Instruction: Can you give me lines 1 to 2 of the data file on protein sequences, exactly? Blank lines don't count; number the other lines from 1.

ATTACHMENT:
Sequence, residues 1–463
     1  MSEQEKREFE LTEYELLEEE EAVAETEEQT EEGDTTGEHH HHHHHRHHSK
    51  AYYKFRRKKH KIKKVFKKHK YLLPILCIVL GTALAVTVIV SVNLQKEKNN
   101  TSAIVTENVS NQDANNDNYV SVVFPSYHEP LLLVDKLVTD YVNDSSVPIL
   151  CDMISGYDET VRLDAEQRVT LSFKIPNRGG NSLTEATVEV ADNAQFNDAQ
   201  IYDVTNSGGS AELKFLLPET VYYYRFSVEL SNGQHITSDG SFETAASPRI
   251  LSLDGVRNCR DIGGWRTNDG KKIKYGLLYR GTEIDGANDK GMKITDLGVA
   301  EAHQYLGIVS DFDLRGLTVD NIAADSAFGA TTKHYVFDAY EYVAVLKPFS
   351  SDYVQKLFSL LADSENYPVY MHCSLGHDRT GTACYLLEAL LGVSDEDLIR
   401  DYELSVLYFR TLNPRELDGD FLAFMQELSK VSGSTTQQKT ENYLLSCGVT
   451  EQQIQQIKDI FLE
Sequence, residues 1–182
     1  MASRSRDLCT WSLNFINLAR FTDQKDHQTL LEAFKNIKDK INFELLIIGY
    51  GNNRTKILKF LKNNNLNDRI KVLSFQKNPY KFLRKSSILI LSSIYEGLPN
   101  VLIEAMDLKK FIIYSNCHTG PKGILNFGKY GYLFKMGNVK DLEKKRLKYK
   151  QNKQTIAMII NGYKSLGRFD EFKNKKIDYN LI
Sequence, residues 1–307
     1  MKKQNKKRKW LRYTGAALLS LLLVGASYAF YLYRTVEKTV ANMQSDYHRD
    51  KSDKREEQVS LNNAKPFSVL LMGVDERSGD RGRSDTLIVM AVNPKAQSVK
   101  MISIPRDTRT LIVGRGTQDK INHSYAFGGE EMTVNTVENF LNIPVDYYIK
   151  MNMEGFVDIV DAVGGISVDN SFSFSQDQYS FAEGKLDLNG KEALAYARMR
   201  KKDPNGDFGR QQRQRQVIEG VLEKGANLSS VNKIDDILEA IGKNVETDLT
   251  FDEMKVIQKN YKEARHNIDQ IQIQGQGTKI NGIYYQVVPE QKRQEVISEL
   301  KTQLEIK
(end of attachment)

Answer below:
Sequence, residues 1–463
     1  MSEQEKREFE LTEYELLEEE EAVAETEEQT EEGDTTGEHH HHHHHRHHSK